Another Somali, Nur, a 24-year old man from Mogadishu, described the conditions he had experienced during his detention at a deportation center in Jeddah:
There was no air conditioning, it was very hot. There were 5 toilets for all of us [just under 790 people]. We slept on the floor. You were lucky if you have a cardboard box to sleep on. There was hardly any space to sleep. We had three meals a day, but it was insufficient [one piece of bread and soup for breakfast, half a plate of rice for lunch, and bread and soup for dinner]. If you had money on you, you could ask the police through the window to help you to buy food. But most people didn’t have money on them as they were picked up in the street. I had $25 but used up $18 in the first seven days.
A health worker in Mogadishu told Human Rights Watch that she attended a one-year-old boy in a Mogadishu hospital for several weeks. The baby had been detained with his father for a month before being deported and was suffering from diarrhea, malnutrition, and anemia.
Saladu, 35, a Somali woman, said that Saudi authorities had detained her for nine days with her two children, aged seven and nine, and her sister’s three children before deporting them: “The room we stayed in with 150 other women and children was extremely hot and there was no air conditioning. The children were sick. My son was vomiting and his stomach was very bloated. There were no mattresses, people just slept on the floor.”
The IOM in Mogadishu reported publicly that many of the deportees were in poor health because of their prolonged detention in substandard conditions before they were deported. Some had suffered physical and psychological trauma or had respiratory illnesses, including pneumonia.
The process for deporting undocumented Yemeni workers appears to differ from the process for other nationalities. Almost all of the undocumented Yemeni workers whom Human Rights Watch interviewed in November 2013 had been detained by Saudi border guards while trying to cross the border into Saudi Arabia or caught by police when they were working in the southern town of Jizan or surrounding villages. Due to the proximity to the Yemeni border most of these workers remained in detention for no more than one or two days before Saudi authorities expelled them in large groups by bus to the Yemeni side of the border.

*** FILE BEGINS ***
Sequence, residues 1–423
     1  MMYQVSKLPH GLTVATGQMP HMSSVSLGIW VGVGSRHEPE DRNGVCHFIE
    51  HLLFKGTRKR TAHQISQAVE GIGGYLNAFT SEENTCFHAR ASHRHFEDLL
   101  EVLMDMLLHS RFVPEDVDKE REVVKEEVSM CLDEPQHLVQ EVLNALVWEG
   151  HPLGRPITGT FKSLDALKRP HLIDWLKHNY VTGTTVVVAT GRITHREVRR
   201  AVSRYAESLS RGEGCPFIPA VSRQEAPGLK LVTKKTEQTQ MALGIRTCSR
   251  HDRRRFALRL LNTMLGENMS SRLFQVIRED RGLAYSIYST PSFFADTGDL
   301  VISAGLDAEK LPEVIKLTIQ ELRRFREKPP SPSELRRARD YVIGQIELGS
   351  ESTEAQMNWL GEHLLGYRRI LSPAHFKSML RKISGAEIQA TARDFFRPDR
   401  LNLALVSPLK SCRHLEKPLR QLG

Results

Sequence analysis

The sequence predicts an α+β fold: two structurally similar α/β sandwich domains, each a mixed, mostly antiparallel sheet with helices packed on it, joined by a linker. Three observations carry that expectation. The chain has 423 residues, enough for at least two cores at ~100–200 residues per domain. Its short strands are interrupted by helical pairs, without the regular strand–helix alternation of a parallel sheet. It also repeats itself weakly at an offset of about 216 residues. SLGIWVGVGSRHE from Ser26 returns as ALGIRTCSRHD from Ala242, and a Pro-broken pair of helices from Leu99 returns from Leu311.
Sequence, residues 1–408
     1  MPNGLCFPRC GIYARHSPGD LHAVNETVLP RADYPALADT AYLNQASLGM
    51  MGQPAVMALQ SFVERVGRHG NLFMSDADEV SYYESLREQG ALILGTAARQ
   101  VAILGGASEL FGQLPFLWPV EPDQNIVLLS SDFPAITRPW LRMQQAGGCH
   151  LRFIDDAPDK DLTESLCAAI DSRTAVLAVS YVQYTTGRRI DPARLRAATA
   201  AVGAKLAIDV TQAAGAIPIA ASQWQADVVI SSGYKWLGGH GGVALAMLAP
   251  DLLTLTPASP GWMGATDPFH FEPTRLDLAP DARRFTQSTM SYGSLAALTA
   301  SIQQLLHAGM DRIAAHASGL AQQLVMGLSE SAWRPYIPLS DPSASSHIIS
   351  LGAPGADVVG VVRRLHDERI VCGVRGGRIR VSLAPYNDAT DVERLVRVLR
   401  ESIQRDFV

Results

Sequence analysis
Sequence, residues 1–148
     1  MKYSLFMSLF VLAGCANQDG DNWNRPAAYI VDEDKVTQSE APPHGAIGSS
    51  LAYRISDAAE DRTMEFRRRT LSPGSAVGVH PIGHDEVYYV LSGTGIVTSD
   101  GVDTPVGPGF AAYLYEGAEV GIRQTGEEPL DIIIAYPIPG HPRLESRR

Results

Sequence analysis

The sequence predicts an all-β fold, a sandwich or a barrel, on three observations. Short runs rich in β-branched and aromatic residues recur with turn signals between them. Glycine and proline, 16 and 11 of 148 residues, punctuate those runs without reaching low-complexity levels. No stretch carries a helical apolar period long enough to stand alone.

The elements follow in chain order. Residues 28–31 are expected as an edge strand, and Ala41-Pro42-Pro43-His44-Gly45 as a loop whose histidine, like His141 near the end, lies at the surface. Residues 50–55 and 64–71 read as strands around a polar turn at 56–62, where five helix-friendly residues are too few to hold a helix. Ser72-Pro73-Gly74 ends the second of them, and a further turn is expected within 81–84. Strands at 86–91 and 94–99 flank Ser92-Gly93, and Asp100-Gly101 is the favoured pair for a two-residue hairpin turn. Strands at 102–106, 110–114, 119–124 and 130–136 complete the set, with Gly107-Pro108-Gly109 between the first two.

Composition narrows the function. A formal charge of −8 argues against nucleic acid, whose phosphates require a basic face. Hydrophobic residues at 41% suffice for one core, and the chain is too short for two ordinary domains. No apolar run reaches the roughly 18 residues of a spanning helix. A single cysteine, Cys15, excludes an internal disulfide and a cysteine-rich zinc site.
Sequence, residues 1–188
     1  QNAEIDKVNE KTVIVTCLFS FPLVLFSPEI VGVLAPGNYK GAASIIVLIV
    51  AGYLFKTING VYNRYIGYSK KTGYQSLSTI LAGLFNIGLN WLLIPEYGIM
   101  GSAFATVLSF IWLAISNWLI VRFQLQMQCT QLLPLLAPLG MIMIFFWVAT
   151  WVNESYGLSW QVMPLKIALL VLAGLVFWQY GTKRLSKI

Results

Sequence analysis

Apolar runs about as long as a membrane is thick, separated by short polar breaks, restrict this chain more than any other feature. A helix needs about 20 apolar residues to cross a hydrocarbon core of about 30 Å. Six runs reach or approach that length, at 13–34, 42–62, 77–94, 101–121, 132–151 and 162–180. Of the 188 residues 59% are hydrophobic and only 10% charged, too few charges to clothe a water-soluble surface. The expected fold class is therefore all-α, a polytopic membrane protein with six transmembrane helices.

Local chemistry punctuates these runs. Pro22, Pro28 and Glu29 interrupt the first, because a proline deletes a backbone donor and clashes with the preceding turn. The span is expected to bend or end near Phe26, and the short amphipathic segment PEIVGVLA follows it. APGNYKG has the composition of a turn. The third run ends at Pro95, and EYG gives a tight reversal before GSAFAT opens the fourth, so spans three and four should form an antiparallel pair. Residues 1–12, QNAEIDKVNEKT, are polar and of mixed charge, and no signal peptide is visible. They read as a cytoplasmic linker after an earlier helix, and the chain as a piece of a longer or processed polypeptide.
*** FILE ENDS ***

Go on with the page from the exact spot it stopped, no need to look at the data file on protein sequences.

Despite their short stay in either the Jizan detention center or another deportation facility near the border crossing, almost all of the Yemenis complained of overcrowding and poor treatment.
Mansour, a 42-year old Yemeni worker that Human Rights Watch interviewed at the al-Tuwal border crossing on November 26, 2013 said that he had been living in Saudi Arabia and working as an electrician without documentation for around a year, together with his brother. He said that the day before, November 25, police had raided his home in Jizan and detained both him and his brother. He said they refused to allow him to take his mobile phone or pack a suitcase, saying one of the officials told him, “You won’t even take a t-shirt.”
He criticized the lack of medical care available to workers in the overcrowded deportation center, saying that his brother was ill and periodically fainted but had received no medical attention. He said Saudi officials crammed him and his brother and around 120 other Yemenis into a 45-seat bus to transport them to the Yemeni side of the border.
Samih, a 33-year old Yemeni worker in Sanaa, told Human Rights Watch that the food he received at a deportation center in Jizan was insufficient, consisting of no more than a small portion of spoiled rice and lentils each day, while the only drinking water came from the same faucet above the Turkish toilet used to flush waste down the toilet’s drain. Another Yemeni deportee, Hamoud, said that guards did not provide any food during his 36-hour detention.